"Not everyone can do this work," she says. "You have to be able to ignore a lot of things that happen — hallucinations, hurtful words and behavior. A person has to be able to handle the bodily fluids. You need to have endless patience and be able to be clear and give short, explicit direction."
"It is also good to be able to go with the flow," she adds. "A caregiver must be able to change the plan midstream depending on what is going on. And it is that way all day long."
The Villa neighborhood is in many ways a big family, and all three caregivers recognize that they are spending what often turns out to be a resident's last months. June 2014 was a particularly difficult time, as it brought four deaths.
"It is hard to see them go, but then I remember and look back at their lives with us, and all the fun, and I hope I was able to give them a little dignity," says Smythe.
BECKY URBANSKI is senior vice president, mission, marketing and education, and DIANE C. VAUGHN is vice president, clinical services, both at Benedictine Health System, a long-term care health system based in Duluth, Minn. Benedictine Health System is sponsored by the Benedictine Sisters of St. Scholastica, Duluth.
As the U.S. population ages, Alzheimer's disease and related disorders are considered a national issue and priority. On January 4, 2011, The National Alzheimer's Project Act (NAPA) was signed into law. Administered by the U.S. Department of Health and Human Services, the NAPA plan is to:
- Create and maintain an integrated national plan to overcome Alzheimer's disease
- Coordinate Alzheimer's disease research and services across all federal agencies
- Accelerate the development of treatments that would prevent, halt or reverse the course of Alzheimer's disease
- Improve early diagnosis and coordination of care and treatment of Alzheimer's disease
- Improve outcomes for ethnic and racial minority populations that are at higher risk for Alzheimer's disease
- Coordinate with international bodies to fight Alzheimer's globally
- Establish the Advisory Council on Alzheimer's Research, Care and Services
For updates about the NAPA plan, see aspe.hhs.gov/daltcp/napa/NatlPlan2014.shtml.
OTHER INFORMATIVE SITES
Alzheimer's Association, www.alz.org.
Alzheimer's Foundation of America, www.alzfdn.org.
The National Library of Medicine, www.nlm.nih.gov.
Mayo Clinic, www.mayoclinic.org.
WebMD Alzheimer's Disease Health Center, www.webMD.com/alzheimers.
WHAT MAKES A GOOD CAREGIVER FOR PEOPLE WITH MEMORY ISSUES?
Taking care of individuals with dementia is not for everyone. Diane Vaughn, RN, vice president, clinical services at Benedictine Health System, admires staff members who provide daily care for individuals with dementia. Compassion, caring, patience and flexibility are a must, she says.
The best staff for memory-care neighborhoods are those who understand the disease, who have a natural ease with residents and can live in their world, say Susan Ager, LNHA, administrator/CEO, and Colleen James, RN, BSN, director of nursing, at Benedictine Health Center at Innsbruck. The main reason families choose a secure memory care facility for a loved one is fear the individual will wander away from home. An Alzheimer's or dementia patient can lose track of time and place, and many are easily agitated or made anxious. Skilled and trained staff who possess a real purpose for serving this population help create a calm environment, a structured program and a sense of sameness.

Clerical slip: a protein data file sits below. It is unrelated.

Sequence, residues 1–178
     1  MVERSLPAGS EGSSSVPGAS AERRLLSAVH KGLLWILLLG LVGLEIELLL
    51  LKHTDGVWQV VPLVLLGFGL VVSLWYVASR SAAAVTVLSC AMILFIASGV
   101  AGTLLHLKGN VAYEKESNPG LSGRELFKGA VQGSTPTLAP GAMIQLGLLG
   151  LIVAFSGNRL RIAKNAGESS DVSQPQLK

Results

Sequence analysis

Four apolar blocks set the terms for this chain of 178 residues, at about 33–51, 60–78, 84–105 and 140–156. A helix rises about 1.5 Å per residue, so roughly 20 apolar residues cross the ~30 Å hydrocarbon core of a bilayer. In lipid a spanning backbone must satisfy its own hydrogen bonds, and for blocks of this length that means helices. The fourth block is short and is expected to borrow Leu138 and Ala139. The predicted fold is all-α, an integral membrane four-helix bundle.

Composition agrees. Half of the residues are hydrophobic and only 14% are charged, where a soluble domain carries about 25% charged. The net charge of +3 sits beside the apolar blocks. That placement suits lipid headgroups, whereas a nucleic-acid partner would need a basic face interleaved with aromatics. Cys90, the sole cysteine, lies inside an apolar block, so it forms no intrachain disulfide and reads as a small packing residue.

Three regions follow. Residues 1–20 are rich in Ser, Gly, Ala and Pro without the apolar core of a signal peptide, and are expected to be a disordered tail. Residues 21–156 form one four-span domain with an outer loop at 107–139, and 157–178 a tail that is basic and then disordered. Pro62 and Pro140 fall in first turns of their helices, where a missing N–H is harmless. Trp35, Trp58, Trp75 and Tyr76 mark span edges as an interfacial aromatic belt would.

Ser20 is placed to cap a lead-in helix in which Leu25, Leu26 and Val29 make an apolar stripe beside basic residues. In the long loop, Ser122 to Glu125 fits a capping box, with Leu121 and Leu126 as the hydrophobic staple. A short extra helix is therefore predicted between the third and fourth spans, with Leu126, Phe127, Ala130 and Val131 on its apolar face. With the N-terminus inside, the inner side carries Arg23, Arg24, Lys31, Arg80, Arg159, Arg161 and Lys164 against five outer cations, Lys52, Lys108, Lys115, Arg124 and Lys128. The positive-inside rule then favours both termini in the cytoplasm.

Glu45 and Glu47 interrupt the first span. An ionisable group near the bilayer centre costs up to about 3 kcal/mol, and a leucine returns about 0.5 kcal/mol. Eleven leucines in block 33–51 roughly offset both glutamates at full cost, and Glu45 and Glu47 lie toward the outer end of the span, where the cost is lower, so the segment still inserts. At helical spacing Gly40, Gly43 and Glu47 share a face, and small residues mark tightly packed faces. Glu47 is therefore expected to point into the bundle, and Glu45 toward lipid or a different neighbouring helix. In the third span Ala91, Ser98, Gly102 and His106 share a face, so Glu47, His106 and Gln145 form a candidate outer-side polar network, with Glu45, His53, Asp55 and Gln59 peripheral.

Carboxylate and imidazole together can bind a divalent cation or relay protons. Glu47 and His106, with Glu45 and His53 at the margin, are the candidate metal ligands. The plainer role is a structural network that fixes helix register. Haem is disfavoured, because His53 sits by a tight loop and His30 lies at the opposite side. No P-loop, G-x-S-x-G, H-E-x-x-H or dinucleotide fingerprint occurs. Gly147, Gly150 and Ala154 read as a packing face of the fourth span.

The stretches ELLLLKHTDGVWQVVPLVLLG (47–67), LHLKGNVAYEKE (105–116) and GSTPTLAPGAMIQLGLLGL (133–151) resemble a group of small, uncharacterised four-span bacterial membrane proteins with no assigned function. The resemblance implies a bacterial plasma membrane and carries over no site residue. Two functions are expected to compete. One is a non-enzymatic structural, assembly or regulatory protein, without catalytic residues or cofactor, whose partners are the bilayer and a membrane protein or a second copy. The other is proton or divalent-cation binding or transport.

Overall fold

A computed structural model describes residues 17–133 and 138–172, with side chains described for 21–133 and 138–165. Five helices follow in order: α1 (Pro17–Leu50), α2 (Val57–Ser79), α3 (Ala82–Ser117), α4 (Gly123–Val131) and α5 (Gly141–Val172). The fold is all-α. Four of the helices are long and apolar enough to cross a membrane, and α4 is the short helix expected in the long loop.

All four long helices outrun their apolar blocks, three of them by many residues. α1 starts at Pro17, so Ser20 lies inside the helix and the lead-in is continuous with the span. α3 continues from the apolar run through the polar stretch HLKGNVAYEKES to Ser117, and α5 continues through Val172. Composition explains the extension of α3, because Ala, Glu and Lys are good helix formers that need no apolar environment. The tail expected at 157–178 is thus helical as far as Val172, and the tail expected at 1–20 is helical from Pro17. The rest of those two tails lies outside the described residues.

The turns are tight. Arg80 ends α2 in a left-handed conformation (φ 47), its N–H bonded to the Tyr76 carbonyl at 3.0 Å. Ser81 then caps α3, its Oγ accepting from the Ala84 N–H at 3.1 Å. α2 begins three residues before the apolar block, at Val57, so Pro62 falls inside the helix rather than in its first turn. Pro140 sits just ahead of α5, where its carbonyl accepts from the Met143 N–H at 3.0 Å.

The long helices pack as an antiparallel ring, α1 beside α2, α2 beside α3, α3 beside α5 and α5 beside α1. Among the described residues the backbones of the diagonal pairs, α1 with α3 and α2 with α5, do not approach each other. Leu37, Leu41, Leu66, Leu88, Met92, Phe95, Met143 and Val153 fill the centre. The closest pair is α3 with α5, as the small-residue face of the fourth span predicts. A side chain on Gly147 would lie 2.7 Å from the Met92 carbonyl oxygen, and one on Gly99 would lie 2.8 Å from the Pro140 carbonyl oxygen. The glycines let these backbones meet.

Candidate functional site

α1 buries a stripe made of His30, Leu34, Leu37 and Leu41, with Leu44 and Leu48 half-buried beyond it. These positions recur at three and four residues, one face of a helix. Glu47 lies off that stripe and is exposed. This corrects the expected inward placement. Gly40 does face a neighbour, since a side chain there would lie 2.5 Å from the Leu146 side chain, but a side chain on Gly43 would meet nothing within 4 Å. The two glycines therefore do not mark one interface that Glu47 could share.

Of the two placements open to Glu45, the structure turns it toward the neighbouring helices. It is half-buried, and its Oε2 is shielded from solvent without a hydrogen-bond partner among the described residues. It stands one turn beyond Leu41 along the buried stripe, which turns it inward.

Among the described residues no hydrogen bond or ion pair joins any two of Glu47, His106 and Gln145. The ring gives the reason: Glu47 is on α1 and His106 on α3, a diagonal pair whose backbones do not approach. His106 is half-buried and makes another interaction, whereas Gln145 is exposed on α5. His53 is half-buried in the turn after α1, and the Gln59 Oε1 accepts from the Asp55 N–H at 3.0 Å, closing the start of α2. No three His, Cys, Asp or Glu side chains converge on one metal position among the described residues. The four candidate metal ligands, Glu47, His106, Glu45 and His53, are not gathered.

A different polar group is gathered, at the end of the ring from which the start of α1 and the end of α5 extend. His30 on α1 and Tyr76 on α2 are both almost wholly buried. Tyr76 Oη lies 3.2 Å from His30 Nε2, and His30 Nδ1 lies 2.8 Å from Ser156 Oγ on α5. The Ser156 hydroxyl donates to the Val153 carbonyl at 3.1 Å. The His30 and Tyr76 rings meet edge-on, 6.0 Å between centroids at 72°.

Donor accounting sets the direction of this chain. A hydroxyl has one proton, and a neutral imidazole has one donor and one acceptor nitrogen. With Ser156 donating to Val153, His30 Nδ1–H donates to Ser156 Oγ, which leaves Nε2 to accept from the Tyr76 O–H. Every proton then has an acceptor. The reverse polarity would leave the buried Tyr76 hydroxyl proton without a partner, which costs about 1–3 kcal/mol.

"We provide advanced training for our staff on an ongoing basis using the most up-to-date information and knowledge in the field," Ager says.
Whether it is a natural talent or it is based on experience, the ability to read people is a particular gift in caregiving work, Ager says. A successful caregiver sees the value in each person and tries to look past the disease to recognize the real person within. These skills can help develop special bonds that make all the difference in working with memory care residents, she says.
"It is an ongoing challenge, how to give care while connecting with the person," Ager says. "We are always teaching about approaches and [how] to tailor the approach to need."
"Staff members who serve in memory care units have to have the right energy, the right vibe," says James. "You can't be negative or hyper. It takes lots of patience and lots of love. It is both a gift and a calling to serve in this capacity, and it is not for everyone."
Having enough caregivers in the near future is a growing issue, Vaughn says. According to the Centers for Disease Control and Prevention, the number of persons over age 65 will grow by 102 percent between 2015-2030, but the workforce will grow by only 8 percent during that same period. Finding enough compassionate caregivers will be challenging, she says.
Copyright © 2014 by the Catholic Health Association of the United States